develop a strategic plan for SmartGate, containing clear
objectives, priorities, strategies and performance targets; and
identify, and promulgate nationally as appropriate, better
practices for SmartGate.
Customs and Border
Protection Response: Agreed.
To better identify and reduce the impact of system process
errors on SmartGate clearances and referrals, the ANAO recommends that
Customs and Border Protection enhance its monitoring and diagnostic tools for
identifying exceptions and anomalies in SmartGate data.
Customs and Border Protection Response: Agreed
To improve assurance that passenger risk assessment is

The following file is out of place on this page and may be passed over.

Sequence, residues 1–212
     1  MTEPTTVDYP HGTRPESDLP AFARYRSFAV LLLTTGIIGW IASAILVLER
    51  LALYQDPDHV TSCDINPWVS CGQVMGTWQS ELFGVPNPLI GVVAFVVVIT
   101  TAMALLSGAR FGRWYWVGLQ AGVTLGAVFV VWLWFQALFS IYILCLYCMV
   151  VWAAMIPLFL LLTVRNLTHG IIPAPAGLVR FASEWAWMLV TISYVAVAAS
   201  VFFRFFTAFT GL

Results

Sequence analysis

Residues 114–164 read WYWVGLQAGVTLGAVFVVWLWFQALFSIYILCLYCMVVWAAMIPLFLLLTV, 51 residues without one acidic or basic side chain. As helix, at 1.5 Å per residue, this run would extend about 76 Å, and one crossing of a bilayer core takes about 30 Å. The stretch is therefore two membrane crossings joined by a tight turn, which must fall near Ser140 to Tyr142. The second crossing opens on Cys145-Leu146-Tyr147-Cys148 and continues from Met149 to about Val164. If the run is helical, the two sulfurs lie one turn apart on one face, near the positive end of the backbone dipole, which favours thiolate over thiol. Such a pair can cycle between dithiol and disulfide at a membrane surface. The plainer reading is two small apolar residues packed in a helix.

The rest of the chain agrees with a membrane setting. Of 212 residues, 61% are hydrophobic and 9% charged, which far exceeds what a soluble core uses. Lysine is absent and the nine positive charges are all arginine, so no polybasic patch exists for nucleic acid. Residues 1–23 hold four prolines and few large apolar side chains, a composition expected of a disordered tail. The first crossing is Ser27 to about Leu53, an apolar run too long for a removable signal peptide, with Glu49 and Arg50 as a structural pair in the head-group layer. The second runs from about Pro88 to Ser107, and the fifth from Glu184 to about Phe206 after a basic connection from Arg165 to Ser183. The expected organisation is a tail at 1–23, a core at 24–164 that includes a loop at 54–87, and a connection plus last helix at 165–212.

achieving effective border security outcomes, the ANAO recommends that
Customs and Border Protection gives priority, in implementing the Passenger
Targeting Model, to:
developing stronger systems for performance reporting and
measurement of the effectiveness of its pre-arrival
risk assessment activities;
better prioritising the allocation of passenger risk assessment
and intervention resources through a risk priority model; and
reviewing the internal governance arrangements to provide for
appropriate coverage of national and local interests.
Customs and Border Protection Response: Agreed
The Committee’s review
The Committee conducted its review of the audit report through written
The Committee sent Customs and Border Protection two questions in
writing, focusing on the audit’s findings in relation to the under-utilisation
of SmartGate. The response provided the Committee with evidence on the
- SmartGate usage at Australian airports